What is your largest organ? Your skin! Join aesthetician Cathy Malanix to learn simple ways to care for and pamper your skin. The class will include discussion of skin facts, demonstrations, and hands-on preparation of a body oil for you to take home.
Please join author Nadia Hashimi for a discussion of her new book, The Pearl that Broke Its Shell. Ms. Hashimi will be joining us via Skype. Ms. Hashimi grew up in Warwick and graduated from Warwick Valley High School. She is now a pediatrician and resides in Maryland with her family.
Join Rhonda Denet and the Silver Fox Trio for a review of classic Rhythm & Blues and Soul music of the 1960s and '70s. Celebrate a time when this primarily African-American genre crossed over to mainstream audiences. Featured songs were made famous by The Supremes, Mary Wells, Gladys Knight, Stevie Wonder, Marvin Gaye, and others. Through the music, the magic and the message, there is something for everyone!
Members of The Korean Spirit and Culture Promotion Project will be on hand to help attendees make lovely traditional lotus flower lanterns using colorful paper and wire frames. All materials will be provided; participants may choose the color of their lotus flower. Traditional Korean refreshments will be served.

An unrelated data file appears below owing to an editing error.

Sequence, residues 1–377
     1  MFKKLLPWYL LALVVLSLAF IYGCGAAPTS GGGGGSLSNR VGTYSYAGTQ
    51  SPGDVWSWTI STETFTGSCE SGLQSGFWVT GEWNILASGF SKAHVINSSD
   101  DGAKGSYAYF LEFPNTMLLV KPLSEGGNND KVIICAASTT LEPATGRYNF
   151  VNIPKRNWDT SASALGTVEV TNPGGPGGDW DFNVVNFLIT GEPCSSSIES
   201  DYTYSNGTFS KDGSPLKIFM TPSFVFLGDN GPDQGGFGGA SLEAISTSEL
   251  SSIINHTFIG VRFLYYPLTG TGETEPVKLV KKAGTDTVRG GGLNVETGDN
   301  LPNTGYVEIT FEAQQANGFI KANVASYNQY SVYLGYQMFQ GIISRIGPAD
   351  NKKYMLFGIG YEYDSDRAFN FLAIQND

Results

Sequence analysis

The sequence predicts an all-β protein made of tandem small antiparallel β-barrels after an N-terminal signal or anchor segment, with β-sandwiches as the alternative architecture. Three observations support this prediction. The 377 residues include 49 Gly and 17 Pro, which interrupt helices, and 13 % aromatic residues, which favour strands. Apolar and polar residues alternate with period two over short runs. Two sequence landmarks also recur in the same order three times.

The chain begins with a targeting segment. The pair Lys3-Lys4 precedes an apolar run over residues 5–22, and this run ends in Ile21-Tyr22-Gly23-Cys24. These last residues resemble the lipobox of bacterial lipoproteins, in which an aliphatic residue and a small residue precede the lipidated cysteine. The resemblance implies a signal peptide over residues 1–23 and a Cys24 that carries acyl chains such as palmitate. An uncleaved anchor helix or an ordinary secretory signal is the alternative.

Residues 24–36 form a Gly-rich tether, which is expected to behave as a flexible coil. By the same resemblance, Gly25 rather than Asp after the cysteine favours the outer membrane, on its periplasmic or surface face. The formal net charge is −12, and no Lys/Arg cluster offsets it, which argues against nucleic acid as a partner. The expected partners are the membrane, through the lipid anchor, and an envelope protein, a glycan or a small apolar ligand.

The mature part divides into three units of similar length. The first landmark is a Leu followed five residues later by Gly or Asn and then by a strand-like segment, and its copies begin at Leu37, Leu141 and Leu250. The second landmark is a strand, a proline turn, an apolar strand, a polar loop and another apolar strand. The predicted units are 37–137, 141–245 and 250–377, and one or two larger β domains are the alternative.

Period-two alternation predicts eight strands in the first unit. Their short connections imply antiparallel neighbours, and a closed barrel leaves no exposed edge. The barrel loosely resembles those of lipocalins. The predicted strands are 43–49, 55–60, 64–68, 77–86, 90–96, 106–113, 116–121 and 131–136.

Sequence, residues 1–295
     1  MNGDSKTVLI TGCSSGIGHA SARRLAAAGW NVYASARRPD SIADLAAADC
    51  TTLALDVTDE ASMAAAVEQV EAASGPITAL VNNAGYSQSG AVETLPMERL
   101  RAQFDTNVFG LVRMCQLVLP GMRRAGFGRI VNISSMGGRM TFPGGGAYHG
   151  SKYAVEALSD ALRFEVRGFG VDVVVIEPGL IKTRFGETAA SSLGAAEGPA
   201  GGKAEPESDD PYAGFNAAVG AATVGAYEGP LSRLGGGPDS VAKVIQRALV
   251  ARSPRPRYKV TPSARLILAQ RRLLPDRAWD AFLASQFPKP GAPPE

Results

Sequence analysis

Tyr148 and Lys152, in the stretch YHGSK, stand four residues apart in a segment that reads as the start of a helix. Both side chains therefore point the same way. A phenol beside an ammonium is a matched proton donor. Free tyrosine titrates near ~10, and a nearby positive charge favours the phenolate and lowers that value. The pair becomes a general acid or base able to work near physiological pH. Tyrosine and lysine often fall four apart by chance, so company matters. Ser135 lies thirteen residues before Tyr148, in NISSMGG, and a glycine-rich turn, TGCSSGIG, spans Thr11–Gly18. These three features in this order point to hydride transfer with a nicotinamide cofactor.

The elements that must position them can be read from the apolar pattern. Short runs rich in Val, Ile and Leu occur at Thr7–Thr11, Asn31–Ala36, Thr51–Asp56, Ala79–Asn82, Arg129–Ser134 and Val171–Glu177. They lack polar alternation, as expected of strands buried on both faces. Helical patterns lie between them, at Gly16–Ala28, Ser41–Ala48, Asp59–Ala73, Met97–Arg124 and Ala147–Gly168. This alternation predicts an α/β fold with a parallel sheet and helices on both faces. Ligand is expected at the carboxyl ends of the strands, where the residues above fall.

Nature educator Russell Brust will introduce you to the black bears that live in the forests and backyards of our community. You’ll learn about the bears’ lifestyle, how you can help protect them, and what to do if you meet one! You’ll also learn about aversive conditioning and ways to keep both humans and bears safe. Mr. Brust has been a Bergen County Zoo educator for more than 15 years, and brings a wealth of experience to his presentation.
Author L. Lloyd Stewart will give a presentation from his book "A Far Cry from Freedom," which details the convoluted laws and politics of gradual emancipation in New York State. While New Yorkers often pride themselves on the early law of 1799 for abolition of slavery, most do not realize that its elaborate provisions actually extended slavery for twenty eight years. The month of July thus became a bitter one for New York's enslaved African Americans, for the emancipation date was twenty eight years in the future -- July 4, 1827.